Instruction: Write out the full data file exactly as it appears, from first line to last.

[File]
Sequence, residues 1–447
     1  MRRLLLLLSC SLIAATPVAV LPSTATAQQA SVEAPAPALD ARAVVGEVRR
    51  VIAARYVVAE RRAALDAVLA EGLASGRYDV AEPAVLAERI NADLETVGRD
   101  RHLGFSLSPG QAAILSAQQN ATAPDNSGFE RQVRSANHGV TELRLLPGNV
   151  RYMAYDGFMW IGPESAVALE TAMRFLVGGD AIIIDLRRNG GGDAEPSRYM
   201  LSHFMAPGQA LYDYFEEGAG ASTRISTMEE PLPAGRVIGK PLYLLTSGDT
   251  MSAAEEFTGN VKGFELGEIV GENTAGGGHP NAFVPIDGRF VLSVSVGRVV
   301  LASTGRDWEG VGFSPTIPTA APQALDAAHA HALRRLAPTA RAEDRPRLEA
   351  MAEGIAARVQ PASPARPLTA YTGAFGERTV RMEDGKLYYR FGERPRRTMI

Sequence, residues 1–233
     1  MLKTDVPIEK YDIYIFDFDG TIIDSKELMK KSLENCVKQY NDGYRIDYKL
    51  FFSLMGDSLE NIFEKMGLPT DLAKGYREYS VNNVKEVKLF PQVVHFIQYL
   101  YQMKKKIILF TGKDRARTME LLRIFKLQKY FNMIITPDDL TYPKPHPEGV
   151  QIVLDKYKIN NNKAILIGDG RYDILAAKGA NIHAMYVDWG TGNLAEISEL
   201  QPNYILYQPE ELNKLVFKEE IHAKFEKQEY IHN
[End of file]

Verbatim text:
Sequence, residues 1–447
     1  MRRLLLLLSC SLIAATPVAV LPSTATAQQA SVEAPAPALD ARAVVGEVRR
    51  VIAARYVVAE RRAALDAVLA EGLASGRYDV AEPAVLAERI NADLETVGRD
   101  RHLGFSLSPG QAAILSAQQN ATAPDNSGFE RQVRSANHGV TELRLLPGNV
   151  RYMAYDGFMW IGPESAVALE TAMRFLVGGD AIIIDLRRNG GGDAEPSRYM
   201  LSHFMAPGQA LYDYFEEGAG ASTRISTMEE PLPAGRVIGK PLYLLTSGDT
   251  MSAAEEFTGN VKGFELGEIV GENTAGGGHP NAFVPIDGRF VLSVSVGRVV
   301  LASTGRDWEG VGFSPTIPTA APQALDAAHA HALRRLAPTA RAEDRPRLEA
   351  MAEGIAARVQ PASPARPLTA YTGAFGERTV RMEDGKLYYR FGERPRRTMI

Sequence, residues 1–233
     1  MLKTDVPIEK YDIYIFDFDG TIIDSKELMK KSLENCVKQY NDGYRIDYKL
    51  FFSLMGDSLE NIFEKMGLPT DLAKGYREYS VNNVKEVKLF PQVVHFIQYL
   101  YQMKKKIILF TGKDRARTME LLRIFKLQKY FNMIITPDDL TYPKPHPEGV
   151  QIVLDKYKIN NNKAILIGDG RYDILAAKGA NIHAMYVDWG TGNLAEISEL
   201  QPNYILYQPE ELNKLVFKEE IHAKFEKQEY IHN